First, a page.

A Library…Because #playmatters

My first degree was in Early Childhood Education and it was in this degree that I first fully understood the importance of play. The theory was all learnt at university (thank you QUT Early Childhood department) and as a beginning teacher I saw the theory in action in early childhood classrooms knew that play was of the utmost importance.

My favourite memories of my own childhood are of playing; with my siblings, peers and huge circle of family friends that I affectionately refer to here as my village. Playing was just what we did, it was never questioned or agonised over and there was little or no thought that we should be inside participating in ‘meaningful learning experiences’.  Our meaningful learning experiences were all done through play: construction of cubbyhouses and imaginary worlds; experimentation with floating and sinking (the caterpillar didn’t float); negotiating with our peers over roles and what would happen next; learning our times tables (or not in my case) in the never ending games of ‘school’ and empathising with one another as bones were broken, feelings were hurt and hearts were broken.

I could write 5000 words on the importance of play and what we start to see when play is absent in the lives of children, but far more academic and wise people than I have already done this.  Suffice to say, I am a huge advocate for play in childhood and I want my own children to experience just some of the magic of play that I experienced as a child. I personally think that it’s a little tougher these days to allow as much time for play as we once had; between technology, schedules and the feeling that we must ‘entertain and educate’ our children at all times – we’ve made it hard for ourselves. But I’m a big fan of my children saying ‘I’m bored’ as this is when play really comes into it’s own.

My dreadfully bored children were slowly and steadily destroying me last weekend and #backboy had a really bad pain weekend (he’s normally the Chosen One on weekends). They were bemoaning their lack of toys and I sounded like my mother as I said time and time again ‘you have plenty of toys and there are children in the world who only have sticks as toys and they are perfectly happy with this!’. It’s true they don’t have a huge amount of toys and never have (as has been pointed out to me on more than one occasion – you know who you are!) but they do have a Sylvannian Family collection. I’m in no way connected to this brand – but oh my glory this was a good collection to start for birthdays and Christmas! So last weekend when they were sooooooooooo bored, I told ChickPea and PudStar to go and clean up the Sylvannian Family hotel and I’d put it on their desk/Lego table for them. grand hotel library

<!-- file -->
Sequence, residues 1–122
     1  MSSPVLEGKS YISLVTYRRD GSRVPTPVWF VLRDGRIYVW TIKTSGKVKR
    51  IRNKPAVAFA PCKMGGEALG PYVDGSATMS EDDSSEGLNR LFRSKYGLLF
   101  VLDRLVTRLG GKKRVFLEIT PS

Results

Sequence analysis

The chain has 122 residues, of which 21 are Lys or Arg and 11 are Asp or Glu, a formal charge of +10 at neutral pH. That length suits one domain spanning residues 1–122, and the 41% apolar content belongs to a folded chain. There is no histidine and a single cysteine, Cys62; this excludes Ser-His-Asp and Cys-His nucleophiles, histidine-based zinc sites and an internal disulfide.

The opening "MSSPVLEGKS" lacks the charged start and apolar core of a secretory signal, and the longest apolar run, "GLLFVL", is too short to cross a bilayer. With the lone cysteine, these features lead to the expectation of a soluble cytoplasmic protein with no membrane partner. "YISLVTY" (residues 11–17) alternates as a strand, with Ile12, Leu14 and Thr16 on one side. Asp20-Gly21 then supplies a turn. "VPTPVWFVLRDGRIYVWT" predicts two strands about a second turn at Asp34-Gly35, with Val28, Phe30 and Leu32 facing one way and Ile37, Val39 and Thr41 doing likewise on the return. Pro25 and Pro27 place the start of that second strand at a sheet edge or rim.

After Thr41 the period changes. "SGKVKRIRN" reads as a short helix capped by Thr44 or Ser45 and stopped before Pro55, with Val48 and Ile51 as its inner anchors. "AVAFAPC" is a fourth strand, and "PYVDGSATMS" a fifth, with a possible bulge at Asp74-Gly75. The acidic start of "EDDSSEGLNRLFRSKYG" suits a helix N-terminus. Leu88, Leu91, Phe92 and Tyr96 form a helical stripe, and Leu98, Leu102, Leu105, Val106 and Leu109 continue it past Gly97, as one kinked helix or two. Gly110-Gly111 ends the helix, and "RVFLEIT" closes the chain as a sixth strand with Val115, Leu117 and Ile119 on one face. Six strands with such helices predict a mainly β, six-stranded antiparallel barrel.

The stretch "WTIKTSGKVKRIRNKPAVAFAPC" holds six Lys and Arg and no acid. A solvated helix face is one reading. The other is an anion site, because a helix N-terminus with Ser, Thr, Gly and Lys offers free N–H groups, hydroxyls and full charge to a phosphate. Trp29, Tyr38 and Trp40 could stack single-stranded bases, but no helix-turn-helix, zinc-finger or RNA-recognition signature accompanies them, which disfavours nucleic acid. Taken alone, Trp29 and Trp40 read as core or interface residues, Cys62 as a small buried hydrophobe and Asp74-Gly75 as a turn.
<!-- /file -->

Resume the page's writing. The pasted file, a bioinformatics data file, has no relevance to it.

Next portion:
Four hours later and they had turned the entire Grand Hotel into a library (oh how proud was this librarian/mother? Seriously my librarian heart was happy) using bits of old cards, parts of their fairy garden and lots of Sylvannian furniture re-purposed for use in a library. The library has a garden on the top, an outdoor reading balcony for handstands, a cafe and two bedrooms for when people want to read in bed.  Only twice did I have to stop them gouging out eyes – once when the table had to be moved away from the wall so that they could play on either side (I just want her over that side so I don’t have to even look at her) and once so that poor old ChickPea could be given a ‘room’ in the library – she got the conservatory and immediately stuck a dinosaur fossil in it before returning to being the delivery driver for the library. DSC07176 DSC07247grand hotel librarygrand hotel library DSC07225